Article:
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Sights of Sydney - NSW

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Ms Macquarie's Chair the scenic Ms Macquaries Road winds up alongside much of what is now the city's Royal Botanic Gardens, stretching from Farm Cove to Woolloomooloo Bay and back again. The road was built in 1816 at the instigation of Elizabeth Macquarie, wife of the Governor. In the same year a stone bench, inscribed with details of the new road and it's commissioner, was carved into the rock at the point where Ms Macquarie would often stop and rest and admire the view on her daily stroll, taking in the harbour and all its landmarks, although it is much changed today.

El Alamein Fountain
This dandelion of a fountain in the heart of Kings Cross district was built in 1961 and commemorates the Australian army's role in the siege of Tobruk, Libra and the battle of Almein in Egypt during World War II.

Sydney Fish Market (SFM)
Over looking the Anzac Bridge, it offers visitors and Sydney siders the opportunity to experience an authentic working fish market.
It is the largest market of it's kind in the Southern Hemisphere and the world's second largest seafodd market in terms of variety outside of Japan.
You can choose from over 100 species both live and prepared.
Seafood Platter
Live Turban Snails
Live King Crabs
Baby Octopus
Business for the market begins at 5,,.30am when seafood buyers arrive to check the day's catch before the auction where 2,700 crates (52tonnes) are sold per day.
Anything you don't finish, won't go to waste with the abundance of seagulls and Ibis'
Sydney Seafood School is also located in the market, it holds a variety of seafood cookery classes including some hosted by Australia's leading chefs.

The Queen Victoria Building,
now affectionately known as the QVB, was designed by George McRae and completed in 1898, replacing the original Sydney markets on the site. Built as a monument to the long reigning monarch, construction took place in dire times, as Sydney was in a severe recession.
The elaborate Romanesque architecture was specially planned for the grand building so the Government could employ many out-of-work craftsmen - stonemasons, plasterers, and stained window artists - in a worthwhile project. Originally, a concert hall, coffee shops, offices, showrooms, warehouses and a wide variety of tradespeople, such as tailors, mercers, hairdressers and florists, were accommodated.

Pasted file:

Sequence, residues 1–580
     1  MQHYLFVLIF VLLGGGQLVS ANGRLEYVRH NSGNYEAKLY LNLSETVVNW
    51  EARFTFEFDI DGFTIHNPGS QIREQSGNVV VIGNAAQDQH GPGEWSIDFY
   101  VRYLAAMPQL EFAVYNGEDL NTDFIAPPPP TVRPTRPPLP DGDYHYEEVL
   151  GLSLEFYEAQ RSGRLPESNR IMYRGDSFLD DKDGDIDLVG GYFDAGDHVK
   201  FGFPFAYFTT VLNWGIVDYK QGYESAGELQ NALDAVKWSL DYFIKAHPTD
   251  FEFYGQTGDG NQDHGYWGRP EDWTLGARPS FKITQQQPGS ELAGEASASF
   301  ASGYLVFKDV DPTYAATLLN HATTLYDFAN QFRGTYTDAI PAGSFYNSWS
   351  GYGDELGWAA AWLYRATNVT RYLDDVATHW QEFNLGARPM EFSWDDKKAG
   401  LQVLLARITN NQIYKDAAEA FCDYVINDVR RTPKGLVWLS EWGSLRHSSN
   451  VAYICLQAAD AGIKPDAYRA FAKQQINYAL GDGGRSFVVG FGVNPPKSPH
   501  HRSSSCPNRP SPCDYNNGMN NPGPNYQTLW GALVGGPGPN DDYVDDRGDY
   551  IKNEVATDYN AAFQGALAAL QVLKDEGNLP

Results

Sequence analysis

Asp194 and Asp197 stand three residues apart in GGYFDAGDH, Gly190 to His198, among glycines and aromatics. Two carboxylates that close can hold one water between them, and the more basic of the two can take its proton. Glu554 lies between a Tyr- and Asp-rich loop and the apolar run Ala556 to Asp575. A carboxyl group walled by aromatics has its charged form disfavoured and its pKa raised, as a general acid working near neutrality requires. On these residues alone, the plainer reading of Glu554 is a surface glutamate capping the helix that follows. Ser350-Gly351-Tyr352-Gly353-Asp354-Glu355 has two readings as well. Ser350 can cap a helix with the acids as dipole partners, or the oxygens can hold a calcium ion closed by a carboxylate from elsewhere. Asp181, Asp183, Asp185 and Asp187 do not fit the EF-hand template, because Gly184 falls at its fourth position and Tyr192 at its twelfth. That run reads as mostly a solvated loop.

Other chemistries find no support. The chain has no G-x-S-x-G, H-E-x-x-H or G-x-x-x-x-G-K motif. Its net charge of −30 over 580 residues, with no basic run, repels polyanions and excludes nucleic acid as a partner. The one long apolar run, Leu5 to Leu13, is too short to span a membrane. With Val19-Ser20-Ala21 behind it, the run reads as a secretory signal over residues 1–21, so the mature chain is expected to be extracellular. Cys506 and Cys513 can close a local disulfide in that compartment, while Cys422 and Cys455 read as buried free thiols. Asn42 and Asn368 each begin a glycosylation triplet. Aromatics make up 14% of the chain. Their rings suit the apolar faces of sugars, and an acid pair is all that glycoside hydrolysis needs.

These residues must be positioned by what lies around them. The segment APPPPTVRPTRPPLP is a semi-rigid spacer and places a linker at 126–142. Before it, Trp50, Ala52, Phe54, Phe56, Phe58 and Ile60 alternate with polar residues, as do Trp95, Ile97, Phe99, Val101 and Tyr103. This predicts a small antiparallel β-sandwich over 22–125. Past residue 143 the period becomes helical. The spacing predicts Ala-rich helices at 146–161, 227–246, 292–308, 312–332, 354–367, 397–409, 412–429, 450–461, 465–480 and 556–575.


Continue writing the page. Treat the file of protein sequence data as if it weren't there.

Dank Street markets by One Central Park
Dank Street Market is a good opportunity to purchase fresh farm food, homewares and Fair Trade products.
The market is held in the shadow of One Central PArk. French architect Jean Nouvel teamed up with botanist Patrick Blanc to create this pair of plant-covered Sydney towers that reflect light into their lower levels with a huge cantilevered panel of mirrors.

Tower Eye
Sydney Tower is Sydney's tallest structure, it is also the second tallest observation tower in the Southern Hemisphere, after Auckland's Sky Tower, though Sydney Tower Eye's main observation deck is almost 50 m (164 ft) higher than that of Auckland's Sky Tower. The name Sydney Tower has become common in daily usage, however the tower is also known as the Sydney Tower Eye, AMP Tower, Westfield Centrepoint Tower, Centrepoint Tower or just Centrepoint. The Sydney Tower is a member of the World Federation of Great Towers.
The tower stands 309 m (1,014 ft) above the Sydney central business district (CBD), located on Market Street, between Pitt and Castlereagh Streets. It is accessible from the Pitt Street Mall, and sits upon the newly refurbished Westfield Sydney (formerly centrepoint arcade). The tower is open to the public, and is one of the most prominent tourist attractions in the city, being visible from a number of vantage points throughout town and from adjoining suburbs.

Finger Wharf
The structure is the longest timbered-piled wharf in the world, and was completed in 1915.
The wharf, with a length of 410 metres (1,345 ft) and width of 64 m (210 ft), is composed of two side sheds running almost the length of the jetty, connected by a covered roadway between. The roofline is three parallel gable roofs and the external elevations are distinguished by a repetitive gridded structure.
During its working life for around 70 years it mainly handled the export of wool, but also acted as a staging point for troop deployment to the World Wars as well as a disembarking point for new migrants arriving in Australia.
Today it has been redeveloped as a fashionable complex housing a hotel, restaurants and residential apartments.

Posted by charlystyles 13:52 Archived in Australia

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